Do you think any further support could be offered from the Government to keep appprentices on after completed their training?
The government offers business support in the form of the Apprenticeship Levy. We pay a small proportion of our overall payroll into the levy pot and in return get a lot of financial support for training our apprentices. From a business perspective, it is generally better to keep the apprentice on because they have been trained and know the role, but it is dependent on budget and business needs. If the government were to incentivise employers for keeping apprentices, then this could impact the number of apprentices we would be able to retain for longer.
What are Liberty Living’s plans for the future? Are yiou thinking about increasing the number of apprentices?
We’re currently looking into becoming a registered apprenticeship training provider – which means the government assess and recognise you as a high-quality employer for apprentices. We’re in the initial stages of this and need to ensure it is financially viable. We want to expand the number of apprenticeship frameworks and we always want to improve the standards we deliver – one department we’re looking at rolling it out in is marketing. Watch this space!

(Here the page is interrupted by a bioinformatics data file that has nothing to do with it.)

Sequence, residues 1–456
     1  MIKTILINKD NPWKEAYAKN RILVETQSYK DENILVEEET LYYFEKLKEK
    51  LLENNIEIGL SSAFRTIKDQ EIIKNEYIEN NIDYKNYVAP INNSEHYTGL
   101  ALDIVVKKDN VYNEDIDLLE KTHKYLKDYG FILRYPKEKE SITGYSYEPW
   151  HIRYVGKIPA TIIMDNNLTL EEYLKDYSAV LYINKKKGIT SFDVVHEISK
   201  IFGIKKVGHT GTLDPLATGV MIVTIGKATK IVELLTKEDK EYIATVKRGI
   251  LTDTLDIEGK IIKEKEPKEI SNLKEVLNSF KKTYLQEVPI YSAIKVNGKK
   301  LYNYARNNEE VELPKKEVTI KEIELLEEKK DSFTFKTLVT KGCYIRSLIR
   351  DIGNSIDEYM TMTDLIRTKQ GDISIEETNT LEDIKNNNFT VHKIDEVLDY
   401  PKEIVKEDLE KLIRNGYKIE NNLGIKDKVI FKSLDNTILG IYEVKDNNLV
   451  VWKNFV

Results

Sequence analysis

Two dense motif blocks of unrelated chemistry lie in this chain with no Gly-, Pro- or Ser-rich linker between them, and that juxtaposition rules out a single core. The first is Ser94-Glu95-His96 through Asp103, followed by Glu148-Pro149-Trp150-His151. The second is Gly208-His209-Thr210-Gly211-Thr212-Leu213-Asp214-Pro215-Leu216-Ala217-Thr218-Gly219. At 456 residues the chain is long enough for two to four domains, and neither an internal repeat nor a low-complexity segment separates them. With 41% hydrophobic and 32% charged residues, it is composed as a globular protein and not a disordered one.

What advice would you give to someone thinking about becoming an apprentice?
The most important advice I’d give is to demonstrate your passion and enthusiasm for your industry. Undertake some volunteer work if you don’t have much experience in the sector and show them you have a good work ethic. It’s obviously useful if your GCSE’s or BTEC’s relate to the industry, but if they’re not immediately relevant, be ready to explain what transferable skills and knowledge you can bring to the role. An apprenticeship is all about learning. Lots of skills can be trained, but the enthusiasm for the role needs to come from the apprentice.
How can people apply for an apprenticeship with Liberty Living?
Prospective apprentices can search and apply for vacancies in their area through our recruitment partner’s website: www.orchardoakrecruitment.co.uk/Liberty-Living/Recruiters love this COMPLETE set of Accredited Recruitment & HR Training – View Training Brochure